Mapping risk: quantifying and predicting the risk of deer-vehicle collisions on major roads in England

Nelli, L. , Langbein, J., Watson, P. and Putman, R. (2018) Mapping risk: quantifying and predicting the risk of deer-vehicle collisions on major roads in England. Mammalian Biology, 91, pp. 71-78. (doi: 10.1016/j.mambio.2018.03.013)

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Wildlife-vehicle collisions are increasing across both Europe and North America, with considerable implications for animal populations themselves, for human safety and in terms of economic cost. Deer are generally the primary species involved in wildlife-vehicle collisions. Common mitigation measures, such as warning signs, chemical repellent, wildlife underpasses and overpasses and roadside fencing, have however proven to have a limited efficacy. The development of tools aimed at predicting the real-time risk of hitting deer on a particular stretch of road can improve both human and wildlife safety, particularly if such tools can be adopted on a large scale. We analysed data on deer-vehicle collisions (DVCs) occurring on the major roads in England between 2008-2014, collected on behalf of Highways England agency. Using zero-inflated regression models, we analysed the relationships between DVCs and data on environmental, bioclimatic and traffic-related factors, on different spatial scales and for different seasons. Traffic flow, average precipitation, and a combination of suburban areas and broadleaved forest were generally associated with increased frequency of DVCs. We used the results of these models to draw seasonal risk maps, which could potentially be used to target appropriate mitigation or measures aimed at increasing driver awareness.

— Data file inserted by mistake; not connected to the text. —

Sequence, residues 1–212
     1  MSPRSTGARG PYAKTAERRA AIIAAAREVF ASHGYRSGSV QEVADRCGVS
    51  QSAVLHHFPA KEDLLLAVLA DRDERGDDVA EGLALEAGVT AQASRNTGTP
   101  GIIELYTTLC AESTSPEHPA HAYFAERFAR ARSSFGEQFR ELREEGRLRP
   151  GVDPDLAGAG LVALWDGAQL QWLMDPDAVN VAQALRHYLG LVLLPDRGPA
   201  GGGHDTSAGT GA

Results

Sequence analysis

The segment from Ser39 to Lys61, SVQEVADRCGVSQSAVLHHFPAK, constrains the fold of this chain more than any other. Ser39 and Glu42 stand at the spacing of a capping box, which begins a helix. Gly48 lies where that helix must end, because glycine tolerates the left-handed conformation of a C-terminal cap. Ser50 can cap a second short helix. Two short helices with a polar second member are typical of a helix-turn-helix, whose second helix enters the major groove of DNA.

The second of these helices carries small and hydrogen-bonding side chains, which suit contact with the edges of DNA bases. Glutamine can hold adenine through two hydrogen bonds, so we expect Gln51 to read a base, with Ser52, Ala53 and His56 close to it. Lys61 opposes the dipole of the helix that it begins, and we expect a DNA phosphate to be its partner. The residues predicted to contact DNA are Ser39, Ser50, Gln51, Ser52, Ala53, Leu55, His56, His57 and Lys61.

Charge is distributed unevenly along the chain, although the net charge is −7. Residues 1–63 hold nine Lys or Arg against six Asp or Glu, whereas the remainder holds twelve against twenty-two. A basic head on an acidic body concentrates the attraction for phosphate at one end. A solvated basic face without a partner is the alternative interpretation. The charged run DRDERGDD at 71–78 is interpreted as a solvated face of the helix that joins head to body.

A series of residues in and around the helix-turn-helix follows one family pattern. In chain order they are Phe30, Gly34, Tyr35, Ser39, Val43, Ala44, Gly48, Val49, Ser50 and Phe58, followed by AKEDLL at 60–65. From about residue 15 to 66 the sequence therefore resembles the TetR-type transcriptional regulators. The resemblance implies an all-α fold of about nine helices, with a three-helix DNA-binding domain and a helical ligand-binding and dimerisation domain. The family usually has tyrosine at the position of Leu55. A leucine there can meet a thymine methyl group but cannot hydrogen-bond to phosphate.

Item Type:Articles
Keywords:Deer-vehicle collisions, risk maps, road management, wildlife management, urban wildlife.
Glasgow Author(s) Enlighten ID:Putman, Professor Rory and Nelli, Dr Luca
Authors: Nelli, L., Langbein, J., Watson, P., and Putman, R.
College/School:College of Medical Veterinary and Life Sciences > School of Biodiversity, One Health & Veterinary Medicine
Journal Name:Mammalian Biology
ISSN (Online):1618-1476
Published Online:28 March 2018
Copyright Holders:Copyright © 2018 Deutsche Gesellschaft für Säugetierkunde
First Published:First published in Mammalian Biology 91:71-78
Publisher Policy:Reproduced in accordance with the publisher copyright policy

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